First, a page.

- The Washington Times - Tuesday, May 9, 2006

SAN FRANCISCO — Barry Bonds always has shown a knack for hitting his most special home runs at home.

Now, he will try to move past Babe Ruth in the sparkling waterfront ballpark he knows best. Bonds was not in the starting lineup for last night’s makeup game against Houston, but the Giants have six more games left in this homestand.

“I might as well keep tradition alive and do what I do,” Bonds said.

From Nos. 500, 600 and 700 to tying and passing godfather Willie Mays for third place all time to breaking Mark McGwire’s single-season record, Bonds has given fans in San Francisco a live look at history.

The Giants returned home yesterday following a cross-country flight from Philadelphia, where Bonds hit his 713th home run Sunday night to move within one of matching Ruth for second place on the all-time list.

“I think Babe Ruth is a great baseball player,” Bonds said. “Babe Ruth started all of it. He’s in a league of his own. He brought the game to a different level. He brought people to the stadium. He’s a big part of why the game is [what it is] today.”

The 41-year-old Bonds wasn’t in the lineup against the Astros, who had to come through the Bay Area on their way back from Colorado because of a rainout April 12. After a slow start, Bonds is finally providing a glimpse of the swing that has made him the most feared power hitter of his generation.

And he’s back home where they’re happy to have him despite the steroids accusations — getting a seven-game respite from the merciless treatment he receives in nearly every opposing stadium.

“I look forward to giving someone the opportunity to better their lifestyle,” Bonds said of the good fortune and financial boost that will greet the fans who collect his next two home run balls.

Phillies fans took digs at Bonds at every chance, holding signs reading “LIAR” and chanting “Ster-oids!” In San Francisco, they chant “Barry! Barry!” and wave yellow rubber chickens whenever he’s intentionally walked.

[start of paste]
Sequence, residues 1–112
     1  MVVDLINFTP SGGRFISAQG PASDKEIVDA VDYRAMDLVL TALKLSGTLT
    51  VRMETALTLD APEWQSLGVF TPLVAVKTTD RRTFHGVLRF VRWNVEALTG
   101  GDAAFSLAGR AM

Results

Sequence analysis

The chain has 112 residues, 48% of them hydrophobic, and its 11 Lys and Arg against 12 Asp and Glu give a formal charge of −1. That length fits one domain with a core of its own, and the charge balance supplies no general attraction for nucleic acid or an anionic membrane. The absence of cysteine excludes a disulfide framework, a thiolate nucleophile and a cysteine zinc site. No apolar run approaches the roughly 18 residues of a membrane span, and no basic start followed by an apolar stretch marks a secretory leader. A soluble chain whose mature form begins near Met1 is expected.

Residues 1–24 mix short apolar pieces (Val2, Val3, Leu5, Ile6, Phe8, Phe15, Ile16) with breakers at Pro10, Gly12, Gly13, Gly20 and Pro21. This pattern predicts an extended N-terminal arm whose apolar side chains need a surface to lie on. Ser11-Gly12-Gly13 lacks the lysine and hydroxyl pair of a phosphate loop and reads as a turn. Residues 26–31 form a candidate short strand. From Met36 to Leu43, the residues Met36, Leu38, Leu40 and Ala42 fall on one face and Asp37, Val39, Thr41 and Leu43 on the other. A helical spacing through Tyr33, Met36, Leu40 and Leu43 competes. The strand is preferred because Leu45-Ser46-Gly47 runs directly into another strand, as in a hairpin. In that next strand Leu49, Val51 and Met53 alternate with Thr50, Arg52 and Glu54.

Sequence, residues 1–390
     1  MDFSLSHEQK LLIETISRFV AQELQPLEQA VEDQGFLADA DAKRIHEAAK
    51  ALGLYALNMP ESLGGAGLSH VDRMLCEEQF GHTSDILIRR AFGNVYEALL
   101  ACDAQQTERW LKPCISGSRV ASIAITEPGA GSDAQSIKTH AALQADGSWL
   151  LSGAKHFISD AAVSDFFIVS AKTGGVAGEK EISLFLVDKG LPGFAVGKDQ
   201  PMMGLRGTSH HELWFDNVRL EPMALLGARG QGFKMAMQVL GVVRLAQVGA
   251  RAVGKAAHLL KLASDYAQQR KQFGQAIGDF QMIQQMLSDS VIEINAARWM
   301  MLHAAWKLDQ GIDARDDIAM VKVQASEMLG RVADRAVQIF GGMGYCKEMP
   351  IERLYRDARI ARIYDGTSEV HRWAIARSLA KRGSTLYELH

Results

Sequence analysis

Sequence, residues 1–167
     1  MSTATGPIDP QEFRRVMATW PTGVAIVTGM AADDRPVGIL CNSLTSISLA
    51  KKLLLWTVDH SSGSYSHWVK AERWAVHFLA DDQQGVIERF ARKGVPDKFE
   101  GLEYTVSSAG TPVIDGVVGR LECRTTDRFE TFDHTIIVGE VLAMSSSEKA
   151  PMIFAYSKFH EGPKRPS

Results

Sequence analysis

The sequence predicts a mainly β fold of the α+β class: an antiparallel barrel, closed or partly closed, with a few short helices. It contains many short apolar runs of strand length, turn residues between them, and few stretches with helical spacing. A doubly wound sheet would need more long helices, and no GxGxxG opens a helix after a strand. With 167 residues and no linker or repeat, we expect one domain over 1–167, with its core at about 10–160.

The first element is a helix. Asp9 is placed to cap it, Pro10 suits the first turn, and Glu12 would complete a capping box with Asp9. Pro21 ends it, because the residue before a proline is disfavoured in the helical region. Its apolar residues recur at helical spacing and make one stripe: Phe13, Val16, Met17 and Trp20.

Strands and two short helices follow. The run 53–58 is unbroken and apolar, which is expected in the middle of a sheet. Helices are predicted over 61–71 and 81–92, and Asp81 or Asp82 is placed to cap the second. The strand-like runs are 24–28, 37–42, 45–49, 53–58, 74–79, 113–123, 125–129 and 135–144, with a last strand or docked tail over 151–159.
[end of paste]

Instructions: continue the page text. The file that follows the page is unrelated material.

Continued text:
It would be somewhat fitting for Bonds to hit 714 and 715 at home, and he probably would prefer it that way. What’s more, his big moment might happen with his old manager in the opposite dugout.

The Giants open a three-game set tonight against the Chicago Cubs and Dusty Baker, Bonds’ manager for his first 10 seasons in San Francisco. They made a World Series run together in 2002 before falling short to the Angels, then Baker left afterward.

Bonds’ latest drive traveled some 450 feet to the upper deck of right field, one of the longest homers ever hit in the Phillies’ park. When Bonds gets by Ruth, he will hold the record for homers by a left-handed hitter — and only home run king Hank Aaron’s 755 will stand in front of him.

Giants manager Felipe Alou has been anxious for Bonds to get this over with, though the seven-time NL MVP hit only one homer during the Giants’ five-game trip through Milwaukee and Philadelphia.

If he had caught Ruth on the road, team officials weren’t going to pay tribute until the team returned home anyway. Major League Baseball didn’t have a celebration planned for Bonds’ move into second place.

Still, Bonds realizes how much the accomplishment means — especially playing on a right knee that underwent three operations last year and dealing with a swollen and sore left elbow.

“I think it’s the greatest thing. It’s awesome,” he said. “I really do. I may not show it a lot though. I’m just trying to keep my head screwed on straight. It’s overwhelming right now.”

Associated Press writers Mike Fitzpatrick and Dan Gelston contributed to this article.

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